While you might favor a trim waistline for aesthetics, your waist circumference is actually more than that — it's also a good window into your current state of health, according to the National Institutes of Health (NIH).
The fat that gathers deep around your abdominal area is known as visceral fat and surrounds the internal organs, according to the Mayo Clinic. Whereas subcutaneous fat (the fat right below your skin) may cause cosmetic concern, visceral fat can be linked with more health problems.
Measuring Your Waist Circumference
Waist circumference is a simple measurement that can help you monitor your health right from home, according to the NIH. Typically, a circumference of 35 inches or less is considered a normal and healthy waist size for women, according to the NIH. Women with a waist measurement greater than 35 inches may be at higher risk for certain diseases and health issues.
Follow these steps to take your waist circumference:
- Exhale normally.
- Find the midway point between the bottom of your ribs and top of your hip bone.
- Wrap the tape around this section of your body, making sure it stays parallel to the floor.
Health Risks of Larger Waist Sizes
Women, in particular, may begin to see higher levels of visceral fat as they age, according to the Mayo Clinic. Not only do women's bodies lose muscle with age, but they often experience a decrease in estrogen, which appears to affect where the body distributes fat. For many women, this means an increased level of fat around the midsection.
Since the 1980s, research has time and time again found a connection between abdominal fat and increased risk of type 2 diabetes and heart disease, according to a May 2015 article published in the Journal of Clinical Investigation. Currently, waist circumference is considered a criteria for the diagnosis of metabolic syndrome (conditions that increase your risk of chronic health conditions).
Achieving a Healthy Waist Size
Cleaning up your diet is the first step to eliminating visceral fat, according to the Mayo Clinic. Eliminate sugary beverages and processed foods, and replace them with plant-based foods like fruits, vegetables and whole grains. Opt for lean sources of protein and low-fat dairy products, and don't forget to keep your portion sizes in check.
Try to introduce some form of physical activity into your weekly routine, recommends the Mayo Clinic. A healthy activity regime includes at least 150 minutes of moderate aerobic activity per week, such as brisk walking, or 75 minutes of vigorous cardio, like running. The U.S. Department of Health and Human Services also recommends that you introduce at least two strength-training sessions per week.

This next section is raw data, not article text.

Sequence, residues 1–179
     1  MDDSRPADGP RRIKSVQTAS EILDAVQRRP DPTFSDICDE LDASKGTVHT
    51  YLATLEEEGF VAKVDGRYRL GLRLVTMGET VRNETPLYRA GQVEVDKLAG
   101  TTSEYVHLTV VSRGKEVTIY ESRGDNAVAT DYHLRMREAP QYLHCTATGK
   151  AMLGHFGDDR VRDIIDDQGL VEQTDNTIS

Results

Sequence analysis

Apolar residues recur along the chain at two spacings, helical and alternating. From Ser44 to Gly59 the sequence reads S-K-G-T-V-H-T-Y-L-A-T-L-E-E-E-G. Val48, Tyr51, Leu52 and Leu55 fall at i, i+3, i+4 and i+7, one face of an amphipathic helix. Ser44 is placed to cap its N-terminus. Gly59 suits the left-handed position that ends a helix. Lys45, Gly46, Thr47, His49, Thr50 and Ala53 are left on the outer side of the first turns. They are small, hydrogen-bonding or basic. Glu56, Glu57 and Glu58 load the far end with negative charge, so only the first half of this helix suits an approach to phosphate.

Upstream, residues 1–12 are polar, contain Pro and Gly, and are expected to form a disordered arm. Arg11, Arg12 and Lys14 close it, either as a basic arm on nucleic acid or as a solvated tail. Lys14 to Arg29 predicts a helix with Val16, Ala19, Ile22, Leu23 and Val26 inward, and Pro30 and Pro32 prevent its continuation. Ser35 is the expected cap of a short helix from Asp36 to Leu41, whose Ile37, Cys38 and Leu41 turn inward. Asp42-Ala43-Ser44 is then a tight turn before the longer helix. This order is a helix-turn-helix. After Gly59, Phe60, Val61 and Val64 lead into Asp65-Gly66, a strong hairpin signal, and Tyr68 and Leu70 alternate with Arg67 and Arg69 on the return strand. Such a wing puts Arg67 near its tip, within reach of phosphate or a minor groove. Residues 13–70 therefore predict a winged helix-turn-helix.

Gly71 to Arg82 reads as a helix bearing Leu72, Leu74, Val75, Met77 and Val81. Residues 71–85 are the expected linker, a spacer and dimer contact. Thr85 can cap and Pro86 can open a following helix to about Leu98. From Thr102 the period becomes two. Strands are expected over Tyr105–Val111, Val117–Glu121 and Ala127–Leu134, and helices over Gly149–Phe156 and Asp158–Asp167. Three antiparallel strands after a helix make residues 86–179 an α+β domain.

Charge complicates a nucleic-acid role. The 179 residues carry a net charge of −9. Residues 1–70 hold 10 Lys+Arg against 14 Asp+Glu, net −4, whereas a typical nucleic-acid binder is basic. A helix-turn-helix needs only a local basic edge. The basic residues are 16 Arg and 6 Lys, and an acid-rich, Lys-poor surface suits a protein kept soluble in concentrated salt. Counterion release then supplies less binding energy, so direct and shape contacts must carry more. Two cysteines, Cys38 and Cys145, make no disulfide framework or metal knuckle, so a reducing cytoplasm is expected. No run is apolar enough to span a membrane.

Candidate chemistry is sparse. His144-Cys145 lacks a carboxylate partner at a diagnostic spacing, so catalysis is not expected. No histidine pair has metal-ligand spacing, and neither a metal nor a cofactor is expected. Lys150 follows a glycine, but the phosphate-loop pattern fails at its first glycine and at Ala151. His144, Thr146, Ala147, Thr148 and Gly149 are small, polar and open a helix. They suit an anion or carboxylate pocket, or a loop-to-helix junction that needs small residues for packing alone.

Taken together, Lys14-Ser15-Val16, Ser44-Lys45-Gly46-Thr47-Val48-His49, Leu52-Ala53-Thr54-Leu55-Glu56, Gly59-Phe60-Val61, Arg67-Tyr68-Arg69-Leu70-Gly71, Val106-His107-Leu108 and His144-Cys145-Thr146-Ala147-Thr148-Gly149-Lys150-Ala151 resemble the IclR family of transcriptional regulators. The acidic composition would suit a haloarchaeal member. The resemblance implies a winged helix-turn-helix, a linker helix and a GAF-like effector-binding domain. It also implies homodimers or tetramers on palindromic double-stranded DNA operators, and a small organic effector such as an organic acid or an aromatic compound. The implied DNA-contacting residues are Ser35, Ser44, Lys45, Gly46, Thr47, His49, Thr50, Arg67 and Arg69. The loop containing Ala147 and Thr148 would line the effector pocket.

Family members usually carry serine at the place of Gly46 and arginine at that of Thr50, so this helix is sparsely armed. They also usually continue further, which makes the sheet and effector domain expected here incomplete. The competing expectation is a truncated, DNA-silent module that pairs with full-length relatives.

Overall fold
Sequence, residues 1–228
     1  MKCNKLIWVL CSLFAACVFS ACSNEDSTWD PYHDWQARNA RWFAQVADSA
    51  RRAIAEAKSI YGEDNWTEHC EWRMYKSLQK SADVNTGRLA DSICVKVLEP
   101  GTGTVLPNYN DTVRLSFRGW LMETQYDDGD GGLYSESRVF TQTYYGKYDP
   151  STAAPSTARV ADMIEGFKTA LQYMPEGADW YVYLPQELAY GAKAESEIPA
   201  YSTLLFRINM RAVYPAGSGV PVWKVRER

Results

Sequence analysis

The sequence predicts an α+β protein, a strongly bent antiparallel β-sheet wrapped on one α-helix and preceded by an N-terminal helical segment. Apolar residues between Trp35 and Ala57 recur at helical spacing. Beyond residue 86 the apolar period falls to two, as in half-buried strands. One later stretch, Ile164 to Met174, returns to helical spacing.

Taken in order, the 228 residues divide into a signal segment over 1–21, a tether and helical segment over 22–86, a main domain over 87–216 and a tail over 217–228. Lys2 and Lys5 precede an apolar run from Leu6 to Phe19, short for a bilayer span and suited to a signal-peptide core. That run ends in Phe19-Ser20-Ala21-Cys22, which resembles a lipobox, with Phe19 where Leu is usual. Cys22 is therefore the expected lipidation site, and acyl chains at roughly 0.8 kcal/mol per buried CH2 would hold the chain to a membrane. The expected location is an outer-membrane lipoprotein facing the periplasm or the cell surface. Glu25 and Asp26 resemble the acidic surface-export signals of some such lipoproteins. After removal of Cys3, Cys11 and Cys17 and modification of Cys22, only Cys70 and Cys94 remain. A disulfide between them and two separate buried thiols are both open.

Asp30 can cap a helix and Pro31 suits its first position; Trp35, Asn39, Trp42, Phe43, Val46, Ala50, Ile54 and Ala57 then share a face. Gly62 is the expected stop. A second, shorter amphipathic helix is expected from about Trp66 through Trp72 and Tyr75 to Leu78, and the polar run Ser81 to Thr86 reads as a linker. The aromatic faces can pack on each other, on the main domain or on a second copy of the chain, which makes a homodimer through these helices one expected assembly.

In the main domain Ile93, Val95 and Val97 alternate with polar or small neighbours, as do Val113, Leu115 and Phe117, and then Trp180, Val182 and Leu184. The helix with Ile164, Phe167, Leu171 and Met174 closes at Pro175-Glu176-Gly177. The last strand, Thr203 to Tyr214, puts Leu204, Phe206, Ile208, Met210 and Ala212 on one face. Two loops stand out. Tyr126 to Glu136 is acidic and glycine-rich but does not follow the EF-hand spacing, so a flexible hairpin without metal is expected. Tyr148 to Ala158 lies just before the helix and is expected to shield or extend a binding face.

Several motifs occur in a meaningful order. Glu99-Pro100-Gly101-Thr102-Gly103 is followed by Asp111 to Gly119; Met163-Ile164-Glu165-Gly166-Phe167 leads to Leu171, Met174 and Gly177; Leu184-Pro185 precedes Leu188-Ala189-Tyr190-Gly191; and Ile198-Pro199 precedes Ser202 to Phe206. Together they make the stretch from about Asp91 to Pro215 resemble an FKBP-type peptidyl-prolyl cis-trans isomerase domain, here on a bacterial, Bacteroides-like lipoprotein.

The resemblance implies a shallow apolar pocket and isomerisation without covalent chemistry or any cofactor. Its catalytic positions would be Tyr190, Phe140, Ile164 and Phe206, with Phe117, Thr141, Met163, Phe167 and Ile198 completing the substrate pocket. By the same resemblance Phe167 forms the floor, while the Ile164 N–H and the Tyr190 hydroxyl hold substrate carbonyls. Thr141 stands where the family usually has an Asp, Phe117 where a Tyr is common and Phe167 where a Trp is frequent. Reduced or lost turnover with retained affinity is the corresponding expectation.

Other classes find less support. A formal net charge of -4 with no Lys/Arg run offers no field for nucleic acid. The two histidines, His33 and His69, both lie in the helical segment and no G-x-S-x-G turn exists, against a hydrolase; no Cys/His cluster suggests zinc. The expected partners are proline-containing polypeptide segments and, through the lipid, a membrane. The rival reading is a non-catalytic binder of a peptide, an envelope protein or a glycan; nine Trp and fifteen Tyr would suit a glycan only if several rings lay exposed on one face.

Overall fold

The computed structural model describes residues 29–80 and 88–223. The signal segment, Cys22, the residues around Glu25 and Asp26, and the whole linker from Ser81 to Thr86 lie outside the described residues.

Other Measures of Health
Your body mass index (BMI) is another measure that can help you monitor your health. This number — which you can easily calculate using LIVESTRONG.com's BMI calculator — takes your height and weight into account, allowing you to rank your results in comparison to a standardized set of numbers.
Generally, a healthy BMI sits between 18.5 to 24.9, according to the NIH. A value below 18.5 typically indicates the person is underweight, while a BMI between 25 to 29.9 typically means the person is overweight. A value of 30 and above is considered obese. But keep in mind, BMI does not take muscle mass into account. So, for athletes with a lot of muscle, BMI may inaccurately reflecting the state of their health.
Plus, a high waist circumference can increase your risk of developing health conditions independent of body mass index, according to a September 2018 study published in the Upsala Journal of Medical Sciences. After researching patients that suffered from heart attack, researchers found that a higher waist circumference indicated increased risk factors, whether body mass index (BMI) was high or low. In other words, waist circumference may be a better indicator of health risk than BMI levels.
Tools like skinfold calipers are a great tool for assessing body composition but require a little extra work and knowledge, according to the National Strength and Conditioning Association. Typically, this measurement is taken by a personal trainer or coach, who will pinch various areas of your body and use the calipers to measure the amount of fat in the body. While this tool can give you a slightly more accurate measure of your body composition than BMI, it does require the help of a professional.
- Mayo Clinic: "How fit are you? See how you measure up"
- National Heart, Lung and Blood Institute: "Assessing Your Weight and Health Risk"
- National Strength and Conditioning Association: "3 Field Methods for Assessing Body Composition"
- Mayo Clinic: "Belly fat in women: Taking — and keeping — it off"
- US Department of Health and Human Services: "Physical Activity Guidelines for Americans"
- Journal of Clinical Investigation: "Abdominal obesity: a marker of ectopic fat accumulation"
- Upsala Journal of Medical Sciences: "Repeated measures of body mass index and waist circumference in the assessment of mortality risk in patients with myocardial infarction"